(WASHINGTON) — In the aftermath of the winter weather crisis that swept Texas and inflicted devastating repercussions on constituents, Democrats see an opportunity to mobilize voters ahead of the 2022 midterm elections and beyond. For many state officials, Sen. Ted Cruz’s decision to head to Cancun rather than remain in his home state during the storm embodied the failures of leadership Democrats say will continue if the state remains in Republican control, as it has been for more than two decades.

“This is an example of what happens when elections turn out the wrong way — elections have consequences,” Gilberto Hinojosa, chair of the Texas Democratic Party, said during a virtual press call Friday. “And people in the state of Texas are experiencing consequences of the elections in the last 25 years.”

Hinojosa was joined by fellow Democrats Rep. Joaquin Castro, former Housing and Urban Development Secretary Julián Castro, Rep. Marc Veasey, Rep. Sheila Jackson Lee and Rep. Sylvia Garcia, all of whom lambasted their state’s Republican leaders’ responses to the widespread devastation Texans are facing.

“When you don’t care about [the people of Texas] — to the point of like Ted Cruz, where you are willing to walk away and go to a resort in Mexico, because you really don’t care about them — that epitomizes what the Republican leadership of the state has been all about with respect to the beautiful people in this state,” Hinojosa added.

Cruz’s current term isn’t up until 2025, but the latest criticism, paired with the 2.6 percentage point gap that separated his victory over Democrat Beto O’Rourke in 2018, offers Democrats a timely catalyst to chart the path to winning future political contests.

Despite a record voter turnout in the last campaign cycle, the Democratic party’s biggest hurdle was that its “operation did not activate Democratic voters to the same extent Republicans were able to activate their base,” according to the Texas Democratic Party’s 2020 election autopsy titled “2020 Texas Election Retrospective,” which was obtained by ABC News.

“The pandemic prevented us from getting the most out of our most powerful competitive advantage: our volunteers,” the review, which was written by Hudson Cavanagh, director of data science for the Texas Democratic Party, stated. “We struggled to reach voters for whom we did not have phone numbers, who were disproportionately young, rural and folks of color.”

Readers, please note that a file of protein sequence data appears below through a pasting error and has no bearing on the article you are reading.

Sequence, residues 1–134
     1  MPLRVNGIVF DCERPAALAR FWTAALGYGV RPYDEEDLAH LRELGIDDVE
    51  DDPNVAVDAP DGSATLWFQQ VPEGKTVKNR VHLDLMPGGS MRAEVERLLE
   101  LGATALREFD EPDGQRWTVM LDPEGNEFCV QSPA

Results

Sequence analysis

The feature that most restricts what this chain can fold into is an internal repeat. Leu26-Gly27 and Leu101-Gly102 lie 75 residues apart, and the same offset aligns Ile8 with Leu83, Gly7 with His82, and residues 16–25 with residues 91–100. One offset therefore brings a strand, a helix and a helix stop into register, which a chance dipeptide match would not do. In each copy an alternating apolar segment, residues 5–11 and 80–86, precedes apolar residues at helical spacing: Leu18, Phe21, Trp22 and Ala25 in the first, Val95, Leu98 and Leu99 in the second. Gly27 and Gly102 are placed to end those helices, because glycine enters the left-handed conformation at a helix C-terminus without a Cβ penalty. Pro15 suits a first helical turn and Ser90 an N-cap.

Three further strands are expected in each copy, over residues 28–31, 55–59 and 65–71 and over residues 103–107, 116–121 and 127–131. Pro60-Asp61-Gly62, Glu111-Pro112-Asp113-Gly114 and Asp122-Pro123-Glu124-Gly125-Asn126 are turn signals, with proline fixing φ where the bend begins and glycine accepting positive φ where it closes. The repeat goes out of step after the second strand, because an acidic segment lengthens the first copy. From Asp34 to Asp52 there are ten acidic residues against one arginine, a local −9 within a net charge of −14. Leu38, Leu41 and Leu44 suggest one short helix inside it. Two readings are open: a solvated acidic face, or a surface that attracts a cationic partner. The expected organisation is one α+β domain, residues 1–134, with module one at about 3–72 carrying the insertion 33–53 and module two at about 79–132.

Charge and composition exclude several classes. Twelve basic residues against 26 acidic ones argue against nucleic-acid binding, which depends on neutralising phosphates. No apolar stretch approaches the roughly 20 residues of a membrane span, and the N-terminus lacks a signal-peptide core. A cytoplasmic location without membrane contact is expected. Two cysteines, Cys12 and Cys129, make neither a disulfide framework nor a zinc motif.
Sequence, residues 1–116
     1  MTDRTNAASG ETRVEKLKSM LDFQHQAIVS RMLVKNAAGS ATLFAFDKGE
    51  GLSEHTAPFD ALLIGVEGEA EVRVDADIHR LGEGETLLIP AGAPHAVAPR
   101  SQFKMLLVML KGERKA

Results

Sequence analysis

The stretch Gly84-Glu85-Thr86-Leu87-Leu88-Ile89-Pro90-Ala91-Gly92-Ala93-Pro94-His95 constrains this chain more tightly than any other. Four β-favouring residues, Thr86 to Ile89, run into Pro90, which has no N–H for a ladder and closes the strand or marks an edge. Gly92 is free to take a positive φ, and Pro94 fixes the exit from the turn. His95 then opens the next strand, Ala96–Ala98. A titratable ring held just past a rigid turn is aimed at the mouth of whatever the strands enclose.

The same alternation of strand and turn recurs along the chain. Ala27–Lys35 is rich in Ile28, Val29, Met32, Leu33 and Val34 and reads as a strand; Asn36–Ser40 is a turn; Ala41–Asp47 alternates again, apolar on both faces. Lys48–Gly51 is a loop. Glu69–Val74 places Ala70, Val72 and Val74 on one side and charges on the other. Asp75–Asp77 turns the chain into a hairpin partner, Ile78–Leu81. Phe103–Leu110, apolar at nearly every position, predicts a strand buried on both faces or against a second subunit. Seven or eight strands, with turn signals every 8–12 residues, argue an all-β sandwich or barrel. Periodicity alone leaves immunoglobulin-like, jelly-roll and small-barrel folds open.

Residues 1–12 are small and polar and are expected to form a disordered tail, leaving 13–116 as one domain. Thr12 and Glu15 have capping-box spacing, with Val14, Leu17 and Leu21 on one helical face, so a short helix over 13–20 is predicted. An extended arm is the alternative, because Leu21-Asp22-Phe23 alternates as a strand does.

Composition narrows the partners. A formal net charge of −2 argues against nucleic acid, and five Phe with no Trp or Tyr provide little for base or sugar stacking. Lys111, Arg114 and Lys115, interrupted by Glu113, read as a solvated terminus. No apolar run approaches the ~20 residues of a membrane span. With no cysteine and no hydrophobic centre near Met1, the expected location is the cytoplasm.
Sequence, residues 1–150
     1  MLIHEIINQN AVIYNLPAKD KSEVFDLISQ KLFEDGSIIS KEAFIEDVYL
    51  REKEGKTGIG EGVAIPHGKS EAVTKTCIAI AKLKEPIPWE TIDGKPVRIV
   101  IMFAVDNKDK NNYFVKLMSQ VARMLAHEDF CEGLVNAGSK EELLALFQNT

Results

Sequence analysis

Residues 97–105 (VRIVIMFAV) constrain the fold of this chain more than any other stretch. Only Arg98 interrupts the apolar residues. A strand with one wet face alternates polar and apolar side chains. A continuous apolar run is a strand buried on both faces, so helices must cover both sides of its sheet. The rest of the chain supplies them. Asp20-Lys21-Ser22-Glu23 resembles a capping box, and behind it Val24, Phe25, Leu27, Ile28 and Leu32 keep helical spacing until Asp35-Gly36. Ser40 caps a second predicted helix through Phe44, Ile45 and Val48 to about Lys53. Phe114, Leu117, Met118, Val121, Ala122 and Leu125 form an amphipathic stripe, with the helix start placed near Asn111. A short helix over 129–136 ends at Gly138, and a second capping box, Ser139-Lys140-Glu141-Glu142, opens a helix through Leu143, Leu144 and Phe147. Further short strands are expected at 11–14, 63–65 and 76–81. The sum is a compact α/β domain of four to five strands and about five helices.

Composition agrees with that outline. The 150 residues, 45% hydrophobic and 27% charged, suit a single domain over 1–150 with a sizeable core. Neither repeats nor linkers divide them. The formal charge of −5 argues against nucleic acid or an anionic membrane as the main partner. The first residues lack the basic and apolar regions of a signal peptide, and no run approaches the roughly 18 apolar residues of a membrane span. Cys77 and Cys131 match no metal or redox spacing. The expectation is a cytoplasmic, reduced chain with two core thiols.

Although the review found room for optimism in citing that “Latino voters, despite worrying trends, did not abandon Democrats,” it also referenced a need for the party to specifically focus on connecting with Latino Texans both inside and outside of the Rio Grande Valley — a region whose 2022 contests could impact Democrats retaining control of the House. Republicans are eyeing races in the area and announced several pickup opportunities across the southern part of the state earlier this month.

Pandemic conditions also hindered Democrat efforts to reflect support at the ballot box. According to the review, “Democrats rely on direct voter contact work to stimulate turnout,” but the party’s 2020 field work was limited “by two factors: inability to do in-person canvassing and inefficient targeting.”

“Phone quality data was particularly lacking among low to moderate propensity voters, making it hard to reach those who were our top strategic priority to reach,” Cavanagh wrote.

The report conceded that Texas Democrats “need to massively expand our voter registration ambitions” and stated that over the course of the two years between the 2018 midterm elections and the 2020 general election, Texas Democrats “lost ground in terms of voter registration, losing about 26,000 net votes.” Going forward, the party expressed confidence that there are “more than enough potential registrants to flip the state.”

Democrats need to achieve the goal of registering and turning out 100,000 to 150,000 more Democrats per cycle to the polls than Republicans, according to the data outlined in the report.

“The goal is not to win one individual election,” the review stated. “With sufficient investment and ambition, Texas can be a reliably Democratic state in the next decade.”

In the meantime, Democrats say they are planning to lay the groundwork to mobilize voters through policy that springboards off the winter storm crisis. On Friday, Veasey said he plans to use his position on the Energy and Commerce Committee to work with Democratic Rep. Lizzie Fletcher in hopes of rectifying the state’s power infrastructure failures. Fletcher’s district is one of the areas the National Republican Congressional Committee said it aims to target in 2022.

“We need to ensure that our energy production facilities are prepared for an event like this in the future, and in the long run — meaning in the elections to come — we need to make sure that we put government in the hands of people who actually care about good government,” former Secretary Castro said.

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